Kreuzberg may be a youthful district, but it still finds room for the most delightful of German urban traditions, the biergarten. Situated along the Landwehrkanal, Brachvogel sits in a secluded patch of greenery. For the winter there’s a pleasant wooden pavilion, but of course the true joy here is to sit amidst the trees. Along with an admirable array of beer, the garden serves national classics like schnitzel and spaetazle, Bavarian vegetable dumplings marinated in sheep’s cheese and a spicy tomato sauce. There’s also a wide range of international dishes, including Argentinian rump steak, Greek beef dumplings and Turkish breakfasts.
As delicious as they often are, kebabs and plates of skewered meat are not the only variety of Turkish food available in Berlin. For something a little different, head to the unpretentious, unassuming La Femme, open for breakfast and lunch. Try the simit, circular bread rolls encrusted with seeds and and served with Turkish tea, cheese and conserves, or else the café’s range of pastries. The egg dishes, such sucukluyumurta (ground beef sausage with egg, peppers and spices), are equally good. The real star though is kumpir, the Turkish version of a baked potato. After being cooked in tin foil, the potato is mashed with butter and cheese, then covered in a variety of toppings including tabbouleh, jalapeños and olives. A delicious place for lunch.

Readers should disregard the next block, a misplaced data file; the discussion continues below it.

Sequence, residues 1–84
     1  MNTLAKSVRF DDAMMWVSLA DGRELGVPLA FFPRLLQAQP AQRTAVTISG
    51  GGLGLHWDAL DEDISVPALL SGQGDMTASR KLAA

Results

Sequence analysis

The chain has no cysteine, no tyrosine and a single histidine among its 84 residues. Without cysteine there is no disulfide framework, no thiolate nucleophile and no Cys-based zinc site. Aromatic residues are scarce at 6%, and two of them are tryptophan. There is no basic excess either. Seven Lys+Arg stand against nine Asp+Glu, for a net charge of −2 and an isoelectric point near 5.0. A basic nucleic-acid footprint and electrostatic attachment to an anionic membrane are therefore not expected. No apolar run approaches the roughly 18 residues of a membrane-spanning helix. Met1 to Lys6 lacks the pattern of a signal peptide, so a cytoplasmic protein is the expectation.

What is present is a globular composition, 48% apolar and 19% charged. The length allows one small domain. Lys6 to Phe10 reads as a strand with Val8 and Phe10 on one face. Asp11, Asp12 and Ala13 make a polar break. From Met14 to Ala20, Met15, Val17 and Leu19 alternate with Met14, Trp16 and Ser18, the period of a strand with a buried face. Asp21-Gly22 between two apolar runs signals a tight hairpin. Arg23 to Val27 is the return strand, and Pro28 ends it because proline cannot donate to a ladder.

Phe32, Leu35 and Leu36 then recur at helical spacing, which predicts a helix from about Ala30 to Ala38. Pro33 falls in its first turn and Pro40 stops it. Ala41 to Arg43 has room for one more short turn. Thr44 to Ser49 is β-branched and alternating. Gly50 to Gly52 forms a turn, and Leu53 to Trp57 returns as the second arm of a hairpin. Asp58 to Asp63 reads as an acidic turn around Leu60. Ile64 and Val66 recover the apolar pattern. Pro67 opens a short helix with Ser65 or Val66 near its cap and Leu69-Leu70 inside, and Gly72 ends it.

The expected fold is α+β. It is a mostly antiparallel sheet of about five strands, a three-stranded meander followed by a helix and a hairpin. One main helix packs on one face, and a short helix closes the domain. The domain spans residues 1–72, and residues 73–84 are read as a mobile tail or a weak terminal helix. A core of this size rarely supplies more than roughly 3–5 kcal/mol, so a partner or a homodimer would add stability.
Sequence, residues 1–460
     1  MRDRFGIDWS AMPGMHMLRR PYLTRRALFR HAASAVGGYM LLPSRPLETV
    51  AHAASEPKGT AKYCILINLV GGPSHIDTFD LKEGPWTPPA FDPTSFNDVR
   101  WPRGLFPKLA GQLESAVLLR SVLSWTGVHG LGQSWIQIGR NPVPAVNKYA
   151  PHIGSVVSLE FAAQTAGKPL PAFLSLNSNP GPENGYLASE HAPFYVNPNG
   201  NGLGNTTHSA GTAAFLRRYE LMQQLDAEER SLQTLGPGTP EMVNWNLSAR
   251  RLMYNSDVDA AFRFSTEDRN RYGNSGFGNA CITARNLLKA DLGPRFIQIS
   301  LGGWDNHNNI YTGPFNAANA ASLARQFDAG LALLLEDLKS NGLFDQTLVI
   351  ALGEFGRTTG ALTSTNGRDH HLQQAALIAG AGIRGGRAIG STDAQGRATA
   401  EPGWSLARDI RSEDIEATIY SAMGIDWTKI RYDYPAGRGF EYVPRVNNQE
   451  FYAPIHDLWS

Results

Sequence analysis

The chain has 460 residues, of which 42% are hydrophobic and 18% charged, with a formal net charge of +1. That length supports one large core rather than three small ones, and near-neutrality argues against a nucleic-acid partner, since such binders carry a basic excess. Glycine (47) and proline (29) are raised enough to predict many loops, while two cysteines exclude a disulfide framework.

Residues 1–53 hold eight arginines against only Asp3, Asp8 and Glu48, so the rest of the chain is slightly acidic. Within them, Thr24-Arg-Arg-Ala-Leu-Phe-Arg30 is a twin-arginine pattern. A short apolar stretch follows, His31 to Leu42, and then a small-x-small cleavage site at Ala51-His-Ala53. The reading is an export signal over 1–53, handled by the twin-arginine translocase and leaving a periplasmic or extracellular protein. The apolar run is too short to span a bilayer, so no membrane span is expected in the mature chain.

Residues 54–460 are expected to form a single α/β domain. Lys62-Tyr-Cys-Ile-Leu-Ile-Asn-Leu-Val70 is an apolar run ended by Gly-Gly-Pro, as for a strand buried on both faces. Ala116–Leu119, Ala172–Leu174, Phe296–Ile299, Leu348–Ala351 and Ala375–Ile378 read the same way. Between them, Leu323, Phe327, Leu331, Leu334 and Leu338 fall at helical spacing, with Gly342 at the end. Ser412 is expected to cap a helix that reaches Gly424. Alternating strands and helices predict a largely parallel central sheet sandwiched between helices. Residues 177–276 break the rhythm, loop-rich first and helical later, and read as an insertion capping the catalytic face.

Korean food has really taken off in Berlin in recent years, and Kimchi Princess manages to be one of the best restaurants around for both traditional and contemporary fare. With communal tables and a stripped back atmosphere, it’s a lively, social place, perfect for an evening with friends. At night Korean BBQs, placed on your table, fill the room with an alluring aroma. Try a mixture of spicy bulgogi meat and fine Argentinean steak, or go for bul nak, a mixture of beef and octopus. The bibimbap, available in both beef and vegetarian variants, is equally excellent, as are the kimchi pancakes. And if you’ve room for more, head down the street to Angry Chicken, the restaurant’s fast-food branch, for spicy Korean style wings.